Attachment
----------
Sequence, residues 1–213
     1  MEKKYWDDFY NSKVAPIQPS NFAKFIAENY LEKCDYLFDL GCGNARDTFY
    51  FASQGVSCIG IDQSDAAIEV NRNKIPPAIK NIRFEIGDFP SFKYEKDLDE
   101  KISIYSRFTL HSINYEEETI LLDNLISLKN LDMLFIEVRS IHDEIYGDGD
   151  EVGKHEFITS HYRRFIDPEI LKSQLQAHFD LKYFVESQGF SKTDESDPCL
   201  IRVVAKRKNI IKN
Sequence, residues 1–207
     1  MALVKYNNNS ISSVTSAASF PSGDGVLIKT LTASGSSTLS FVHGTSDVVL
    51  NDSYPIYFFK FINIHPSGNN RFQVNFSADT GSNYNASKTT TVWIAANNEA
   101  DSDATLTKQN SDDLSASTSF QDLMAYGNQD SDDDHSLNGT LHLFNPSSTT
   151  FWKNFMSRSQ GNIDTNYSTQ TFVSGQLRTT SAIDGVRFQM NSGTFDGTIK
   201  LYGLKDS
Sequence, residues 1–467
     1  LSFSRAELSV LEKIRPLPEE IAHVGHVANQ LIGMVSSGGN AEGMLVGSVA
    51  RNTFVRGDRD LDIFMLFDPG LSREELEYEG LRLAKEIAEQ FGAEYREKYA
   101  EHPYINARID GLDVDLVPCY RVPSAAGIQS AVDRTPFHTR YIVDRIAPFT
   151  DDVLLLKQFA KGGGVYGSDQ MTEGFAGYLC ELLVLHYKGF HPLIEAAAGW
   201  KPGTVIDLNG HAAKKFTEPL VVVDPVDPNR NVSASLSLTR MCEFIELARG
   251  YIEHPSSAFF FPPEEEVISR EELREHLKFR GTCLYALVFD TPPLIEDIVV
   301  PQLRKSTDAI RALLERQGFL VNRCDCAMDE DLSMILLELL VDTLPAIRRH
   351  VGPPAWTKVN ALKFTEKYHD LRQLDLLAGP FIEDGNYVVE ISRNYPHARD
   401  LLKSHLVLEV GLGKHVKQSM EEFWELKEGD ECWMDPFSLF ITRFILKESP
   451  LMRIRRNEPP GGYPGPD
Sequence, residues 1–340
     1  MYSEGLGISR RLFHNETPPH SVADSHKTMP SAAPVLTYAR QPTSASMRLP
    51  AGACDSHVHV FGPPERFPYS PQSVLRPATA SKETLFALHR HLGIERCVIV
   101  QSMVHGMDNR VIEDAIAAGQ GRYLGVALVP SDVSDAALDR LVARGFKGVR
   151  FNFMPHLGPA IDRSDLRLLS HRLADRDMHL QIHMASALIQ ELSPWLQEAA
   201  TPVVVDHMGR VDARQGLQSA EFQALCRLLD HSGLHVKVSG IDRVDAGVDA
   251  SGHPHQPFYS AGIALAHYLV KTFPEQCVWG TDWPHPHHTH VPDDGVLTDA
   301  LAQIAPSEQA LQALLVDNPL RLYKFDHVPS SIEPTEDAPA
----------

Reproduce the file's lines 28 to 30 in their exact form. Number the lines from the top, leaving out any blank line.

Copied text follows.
   151  FNFMPHLGPA IDRSDLRLLS HRLADRDMHL QIHMASALIQ ELSPWLQEAA
   201  TPVVVDHMGR VDARQGLQSA EFQALCRLLD HSGLHVKVSG IDRVDAGVDA
   251  SGHPHQPFYS AGIALAHYLV KTFPEQCVWG TDWPHPHHTH VPDDGVLTDA